Two days after his former campaign chairman Paul Manafort and personal attorney Michael Cohen were convicted of federal crimes, President Donald Trump sat down with a friendly face, Fox News’ Ainsley Earhardt. The Fox & Friends host did her part: Her first three questions were variations on “How are you and your family holding up?” But when the interview turned substantive, Trump struggled to convincingly distance himself from his associates’ criminal wrongdoing, and even may have accidentally admitted to committing crimes himself.
“Later on I knew, later on, but you have to understand, Ainsley, what [Cohen] did, and they weren’t taken out of campaign finance—that’s a much bigger thing, did they come out of the campaign? They didn’t come out of the campaign,” Trump said about payments to Stormy Daniels.
Trump seems to think that the fact that the money used to silence Daniels didn’t come directly from his presidential campaign exonerates him. It does not. Cohen has said that the payment to Trump’s former mistress were made using personal funds for the purpose of evading federal election law, which requires candidates to report expenses to the Federal Election Commission. These payments were made, Cohen has attested in court, because Trump believed silencing Daniels was important in order to win the 2016 presidential election. Just because campaign funds weren’t used doesn’t mean that this wasn’t a campaign expenditure, in other words. Using personal money is still a crime, and Trump appears to have just admitted to committing a crime. (He’s also lying when he says he knew about the payments “later on”—he was involved, as Cohen’s testimony proves, from the beginning.)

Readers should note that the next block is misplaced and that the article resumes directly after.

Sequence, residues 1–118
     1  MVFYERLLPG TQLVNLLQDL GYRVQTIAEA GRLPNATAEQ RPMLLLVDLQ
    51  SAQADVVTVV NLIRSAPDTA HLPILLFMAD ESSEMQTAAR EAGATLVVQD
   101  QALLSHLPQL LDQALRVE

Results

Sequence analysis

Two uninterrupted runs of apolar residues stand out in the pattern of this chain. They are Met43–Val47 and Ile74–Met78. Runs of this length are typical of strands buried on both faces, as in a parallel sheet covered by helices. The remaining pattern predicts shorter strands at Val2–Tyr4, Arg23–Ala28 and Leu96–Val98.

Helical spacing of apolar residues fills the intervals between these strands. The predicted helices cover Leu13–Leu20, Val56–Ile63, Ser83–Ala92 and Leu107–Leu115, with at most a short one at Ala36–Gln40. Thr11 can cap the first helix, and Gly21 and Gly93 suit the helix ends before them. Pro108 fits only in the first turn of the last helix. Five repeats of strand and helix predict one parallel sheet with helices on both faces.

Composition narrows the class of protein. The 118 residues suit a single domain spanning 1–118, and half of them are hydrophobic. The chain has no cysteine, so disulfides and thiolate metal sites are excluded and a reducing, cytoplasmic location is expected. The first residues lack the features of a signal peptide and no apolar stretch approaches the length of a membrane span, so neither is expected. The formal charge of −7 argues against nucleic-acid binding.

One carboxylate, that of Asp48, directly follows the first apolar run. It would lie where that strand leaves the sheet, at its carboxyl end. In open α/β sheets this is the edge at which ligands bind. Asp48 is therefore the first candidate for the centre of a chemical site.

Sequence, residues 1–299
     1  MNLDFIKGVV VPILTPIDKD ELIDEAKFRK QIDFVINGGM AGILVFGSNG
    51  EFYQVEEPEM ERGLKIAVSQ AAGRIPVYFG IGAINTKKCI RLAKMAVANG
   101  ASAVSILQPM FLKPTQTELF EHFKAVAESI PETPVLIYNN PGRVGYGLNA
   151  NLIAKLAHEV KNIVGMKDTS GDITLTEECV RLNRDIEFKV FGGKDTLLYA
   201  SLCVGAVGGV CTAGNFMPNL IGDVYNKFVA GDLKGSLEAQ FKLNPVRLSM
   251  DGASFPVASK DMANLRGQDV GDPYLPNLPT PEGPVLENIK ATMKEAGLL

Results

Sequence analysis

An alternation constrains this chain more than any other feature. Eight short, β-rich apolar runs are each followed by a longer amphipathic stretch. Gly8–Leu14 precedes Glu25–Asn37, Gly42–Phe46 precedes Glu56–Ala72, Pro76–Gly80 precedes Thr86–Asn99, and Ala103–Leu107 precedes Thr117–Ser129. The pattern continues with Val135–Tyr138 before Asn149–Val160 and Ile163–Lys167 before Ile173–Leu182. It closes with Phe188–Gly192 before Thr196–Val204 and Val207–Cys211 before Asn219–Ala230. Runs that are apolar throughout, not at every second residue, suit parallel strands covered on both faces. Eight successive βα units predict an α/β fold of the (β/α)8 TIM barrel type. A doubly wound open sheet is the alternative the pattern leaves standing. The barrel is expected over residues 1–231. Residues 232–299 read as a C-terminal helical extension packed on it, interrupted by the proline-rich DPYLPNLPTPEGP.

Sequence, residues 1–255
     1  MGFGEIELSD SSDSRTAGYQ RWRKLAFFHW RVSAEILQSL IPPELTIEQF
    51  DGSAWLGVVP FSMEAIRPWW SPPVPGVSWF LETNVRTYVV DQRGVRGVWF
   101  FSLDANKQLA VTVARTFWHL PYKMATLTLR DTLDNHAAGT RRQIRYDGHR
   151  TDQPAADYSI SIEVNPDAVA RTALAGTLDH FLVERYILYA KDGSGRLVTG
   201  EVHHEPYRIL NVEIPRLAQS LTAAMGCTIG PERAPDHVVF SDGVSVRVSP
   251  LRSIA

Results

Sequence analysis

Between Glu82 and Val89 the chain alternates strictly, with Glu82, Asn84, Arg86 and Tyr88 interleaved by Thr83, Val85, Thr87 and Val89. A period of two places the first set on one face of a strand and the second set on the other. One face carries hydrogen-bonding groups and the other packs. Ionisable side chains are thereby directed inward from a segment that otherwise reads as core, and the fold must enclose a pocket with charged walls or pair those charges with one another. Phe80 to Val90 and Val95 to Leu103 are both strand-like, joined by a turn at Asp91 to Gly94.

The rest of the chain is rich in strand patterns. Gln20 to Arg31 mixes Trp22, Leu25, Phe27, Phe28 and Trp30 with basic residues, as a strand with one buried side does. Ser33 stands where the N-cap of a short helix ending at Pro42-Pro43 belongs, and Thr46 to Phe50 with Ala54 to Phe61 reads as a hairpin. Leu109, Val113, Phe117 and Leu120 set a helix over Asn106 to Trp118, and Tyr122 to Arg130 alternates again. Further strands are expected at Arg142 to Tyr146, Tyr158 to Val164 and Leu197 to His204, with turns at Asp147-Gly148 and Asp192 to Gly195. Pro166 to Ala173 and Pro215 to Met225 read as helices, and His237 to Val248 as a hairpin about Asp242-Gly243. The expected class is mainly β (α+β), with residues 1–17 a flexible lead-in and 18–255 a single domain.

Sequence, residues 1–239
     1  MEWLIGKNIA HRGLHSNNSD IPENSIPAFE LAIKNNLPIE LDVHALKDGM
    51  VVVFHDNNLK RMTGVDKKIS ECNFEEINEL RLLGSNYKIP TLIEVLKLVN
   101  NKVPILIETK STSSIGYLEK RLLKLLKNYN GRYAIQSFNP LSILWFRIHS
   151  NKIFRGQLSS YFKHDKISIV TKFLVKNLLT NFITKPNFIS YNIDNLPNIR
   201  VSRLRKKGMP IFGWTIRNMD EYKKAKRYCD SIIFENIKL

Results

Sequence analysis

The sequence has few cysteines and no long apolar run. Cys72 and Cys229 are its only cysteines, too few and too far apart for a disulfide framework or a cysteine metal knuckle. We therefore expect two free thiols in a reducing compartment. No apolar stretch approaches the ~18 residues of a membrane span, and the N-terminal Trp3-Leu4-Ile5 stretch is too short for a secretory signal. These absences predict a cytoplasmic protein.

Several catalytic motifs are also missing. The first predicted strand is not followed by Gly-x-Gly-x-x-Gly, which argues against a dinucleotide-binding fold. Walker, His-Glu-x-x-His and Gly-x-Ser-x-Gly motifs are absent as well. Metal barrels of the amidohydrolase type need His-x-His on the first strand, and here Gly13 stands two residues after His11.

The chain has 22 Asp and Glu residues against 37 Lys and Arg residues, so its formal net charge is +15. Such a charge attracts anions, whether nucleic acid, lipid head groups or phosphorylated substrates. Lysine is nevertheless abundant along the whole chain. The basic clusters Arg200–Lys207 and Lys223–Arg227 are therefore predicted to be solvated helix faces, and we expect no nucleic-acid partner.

Elsewhere in the interview, Trump said that the stock market would crash if he were impeached, adding, “Everybody would be very poor.” He also said that “flipping”—in which someone accused of a crime is given a lesser sentence in exchange for testimony that implicates others—“almost ought to be illegal.” Trump is obsessed with “flipping” for a reason: Cohen has given considerable evidence against Trump to federal prosecutors, and has suggested, through his attorney, that he would be willing to speak to special counsel Robert Mueller. But seeking to ban the long-standing prosecutorial maneuver hardly suggests Trump’s innocence.